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Monday, April 17, 2017

Russia Moves Troops Within Striking Distance of South Korea

Mike Pence The "Bad Cop" : End Of Strategic Patience With North Korea

Lavrov schools Tillerson in basic lessons of history

Could Scientists Clone Jesus? Professors Say They Are “Closing In On The DNA Of Christ”

Image result for jesus dna

It was the first stop on an extraordinary journey. On a bright but bitterly cold January afternoon earlier this year, I found myself on a small island in the Black Sea, just off Sozopol on the east coast of Bulgaria. Sveti Ivanhas long been a destination for travellers: it boasted a temple of Apollo in ancient times. But I was there to speak to an old Bulgarian archaeologist about the most important find of his career.

In 2010, Kasimir Popkonstantinov discovered what he believes are the bones of one of the most famous of all saints: John the Baptist. I was interested in what DNA analysis could tell us about these bones, and other ones. Together with biblical scholar Joe Basile, I was travelling around the world filming a documentary about the religious and scientific evidence linking archaeological artefacts to Jesus Christ himself.

Popkonstantinov made his discovery when excavating a sixth centurychurch on the island, built on top of a basilica from the century before. As he carefully scraped through the mud where the altar would have been, he came across a stone slab and was amazed to find a small marble box underneath. He immediately knew what it was. For a church to be consecrated in this part of Europe in the fifth century, it needed to contain a relic from a holy saint or religious person. This box, known as a reliquary, would have housed such a relic.

He continued to dig around and found another, smaller box about a metre away. On the edge of the inferior box was an inscription: “May God save you, servant Thomas. To Saint John.” When Kasimir later opened the reliquary, he found five bone fragments. The epitaph on the smaller box, probably used to carry the bones when travelling, was the key piece of evidence that led him to believe that the bones could perhaps be those of John the Baptist. The finding is hugely important, partly because John the Baptist was both a disciple of Jesus and his cousin – meaning they would share DNA.

Early morning on the Mount of Olives looking over the old city of Jeruasalem. George Busby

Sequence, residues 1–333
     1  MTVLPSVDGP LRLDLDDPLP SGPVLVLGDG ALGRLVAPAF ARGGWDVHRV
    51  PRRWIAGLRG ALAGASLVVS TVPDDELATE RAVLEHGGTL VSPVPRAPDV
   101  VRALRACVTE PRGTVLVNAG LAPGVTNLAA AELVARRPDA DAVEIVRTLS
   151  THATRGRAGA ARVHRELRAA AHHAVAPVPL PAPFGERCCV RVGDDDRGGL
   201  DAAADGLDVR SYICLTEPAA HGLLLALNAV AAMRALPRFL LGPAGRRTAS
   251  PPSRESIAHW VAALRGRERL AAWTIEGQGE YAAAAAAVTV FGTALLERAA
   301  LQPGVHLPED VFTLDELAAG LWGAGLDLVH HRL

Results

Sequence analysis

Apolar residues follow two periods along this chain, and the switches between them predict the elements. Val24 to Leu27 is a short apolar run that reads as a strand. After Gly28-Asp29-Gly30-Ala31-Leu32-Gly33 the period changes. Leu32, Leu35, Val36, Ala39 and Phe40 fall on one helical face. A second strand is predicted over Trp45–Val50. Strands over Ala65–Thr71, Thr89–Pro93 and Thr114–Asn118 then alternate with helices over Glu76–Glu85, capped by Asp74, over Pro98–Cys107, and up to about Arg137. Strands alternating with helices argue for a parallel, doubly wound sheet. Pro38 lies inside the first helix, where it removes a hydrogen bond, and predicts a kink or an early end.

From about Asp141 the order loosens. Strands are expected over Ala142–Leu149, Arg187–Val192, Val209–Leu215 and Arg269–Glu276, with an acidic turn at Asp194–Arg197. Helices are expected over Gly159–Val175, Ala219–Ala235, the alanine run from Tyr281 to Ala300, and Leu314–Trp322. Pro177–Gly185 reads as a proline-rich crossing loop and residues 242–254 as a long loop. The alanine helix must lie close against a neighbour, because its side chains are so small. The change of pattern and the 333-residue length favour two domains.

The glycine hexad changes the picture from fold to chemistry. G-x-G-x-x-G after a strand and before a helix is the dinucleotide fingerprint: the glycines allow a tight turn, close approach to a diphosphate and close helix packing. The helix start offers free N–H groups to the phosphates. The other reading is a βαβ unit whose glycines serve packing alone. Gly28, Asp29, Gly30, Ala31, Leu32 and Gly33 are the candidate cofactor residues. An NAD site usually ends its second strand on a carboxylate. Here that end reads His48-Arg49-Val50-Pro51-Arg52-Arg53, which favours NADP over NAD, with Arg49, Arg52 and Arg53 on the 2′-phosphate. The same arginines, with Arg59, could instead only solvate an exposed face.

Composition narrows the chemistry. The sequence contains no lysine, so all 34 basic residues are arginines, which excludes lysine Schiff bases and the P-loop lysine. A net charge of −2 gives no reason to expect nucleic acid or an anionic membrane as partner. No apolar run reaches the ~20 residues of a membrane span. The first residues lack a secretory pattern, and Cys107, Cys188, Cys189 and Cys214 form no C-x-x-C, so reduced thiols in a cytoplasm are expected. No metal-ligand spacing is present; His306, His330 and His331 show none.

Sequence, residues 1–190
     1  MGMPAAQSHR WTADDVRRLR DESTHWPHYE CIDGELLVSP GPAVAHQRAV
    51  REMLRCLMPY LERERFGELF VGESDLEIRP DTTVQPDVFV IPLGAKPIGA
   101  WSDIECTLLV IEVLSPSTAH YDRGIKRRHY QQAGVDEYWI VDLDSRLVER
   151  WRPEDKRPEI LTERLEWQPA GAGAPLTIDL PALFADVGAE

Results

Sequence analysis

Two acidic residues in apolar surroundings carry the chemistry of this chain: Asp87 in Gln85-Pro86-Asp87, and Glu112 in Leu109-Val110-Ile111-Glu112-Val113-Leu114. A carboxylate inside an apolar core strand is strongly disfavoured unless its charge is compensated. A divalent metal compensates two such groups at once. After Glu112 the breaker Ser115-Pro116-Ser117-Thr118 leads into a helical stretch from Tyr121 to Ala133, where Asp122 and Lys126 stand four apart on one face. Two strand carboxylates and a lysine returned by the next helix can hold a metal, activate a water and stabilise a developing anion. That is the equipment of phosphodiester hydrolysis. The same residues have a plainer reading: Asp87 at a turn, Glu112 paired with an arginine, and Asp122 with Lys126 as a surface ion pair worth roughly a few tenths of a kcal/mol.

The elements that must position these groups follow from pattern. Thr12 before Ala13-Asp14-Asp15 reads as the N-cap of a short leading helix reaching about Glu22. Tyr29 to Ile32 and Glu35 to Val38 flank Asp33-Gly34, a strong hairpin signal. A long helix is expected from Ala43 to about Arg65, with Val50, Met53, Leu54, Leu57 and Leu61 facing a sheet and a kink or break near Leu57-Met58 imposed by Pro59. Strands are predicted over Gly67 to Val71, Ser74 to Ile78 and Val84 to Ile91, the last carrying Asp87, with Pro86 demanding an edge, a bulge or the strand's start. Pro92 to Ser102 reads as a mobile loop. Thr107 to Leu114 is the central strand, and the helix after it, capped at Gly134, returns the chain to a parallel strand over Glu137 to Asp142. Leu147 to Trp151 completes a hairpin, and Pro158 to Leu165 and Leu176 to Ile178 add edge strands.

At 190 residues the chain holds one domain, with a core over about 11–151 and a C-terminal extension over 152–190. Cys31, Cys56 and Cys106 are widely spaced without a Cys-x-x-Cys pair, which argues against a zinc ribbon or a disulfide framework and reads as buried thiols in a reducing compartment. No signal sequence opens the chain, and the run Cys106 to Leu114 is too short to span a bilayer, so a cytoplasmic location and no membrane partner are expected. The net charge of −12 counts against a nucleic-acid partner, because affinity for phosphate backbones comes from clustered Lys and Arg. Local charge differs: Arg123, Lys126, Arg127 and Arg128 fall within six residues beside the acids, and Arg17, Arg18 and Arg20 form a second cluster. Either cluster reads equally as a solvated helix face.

Thanks to a number of scientific advances, the field of ancient DNA – the extraction and analysis of genetic material from bones and fossils of organisms dug up out of the ground – is booming. We now have DNA sequences from hundreds of people who are long since dead, and analysis of these sequences is further refining our understanding of human history.
DNA as proof of identity

I was initially sceptical about what the Bulgarian bones could teach us. For a start, no DNA test can prove that these were bits of John the Baptist, Jesus or any other specific person. We can’t extract and analyse an unknown DNA sample and magically say that it belonged to this or that historical character. To do that, we’d need to have a DNA sample that unambiguously came from John the Baptist that we could compare the bones to. So sequencing DNA in itself is not going to be too helpful.

Another major consideration is the risk of contamination. In an ideal scenario, ancient material we want to use for genetic analysis should be untouched by anyone since that person had died. The best ancient samples are dug out of the ground, put into a bag, and then sent straight to an ancient DNA lab. In the 500 years between John’s death and the bones being sealed in the church, any number of people could have handled them and left their DNA behind.

But this doesn’t mean that all is lost. DNA degrades over time, so we can test any DNA extracted from ancient remains for telltale signs of degradation. That means we can differentiate modern contamination from ancient genomes. We can also try to take DNA from the inside of bonesand sequence DNA from the people who are known to have come into contact with the artefacts to help tell the ancient DNA and modern contaminants apart.
What DNA can tell you

DNA should be used as an additional tool to archaeology. In my opinion, there are two clear benefits that the analysis of DNA can bring to this particular party. We can compare the DNA from a relic to DNA from other relics. If we find other relics purported to be from John the Baptist, or a close relative like Jesus, then we could use genetics to compare the two to see if they are likely to have come from the same or related people. Also, we have growing collections of DNA sampled from people around the world, which we can use to make a guess on the geographical origins of the relics.

So what did the Bulgarian bones tell us? Radio carbon dating suggested they were indeed 2,000 years old. Their DNA sequence appeared to show an affinity to modern day Middle Eastern populations.

Unfortunately, when I spoke to the geneticist who did the research, he told me they had since discovered that the DNA sequence matched the person who’d actually extracted the bone material – meaning it was more than likely contamination. And they only had a small amount of material to work with, so it’s unlikely that we’ll be able to use DNA to get to the bottom of who the bones belonged to.
Material from the James Ossuary, which some believe carried the remains of Jesus’s brother, is currently being sequenced by geneticists. English Wikipedia, CC BY-SA

However, I also visited other scientists who had other relics, where DNA analysis could be possible. For example, recent research identified multiple people’s DNA on the The Turin Shroud, which is a piece of cloth that some believe wrapped Jesus when he was taken down from the cross.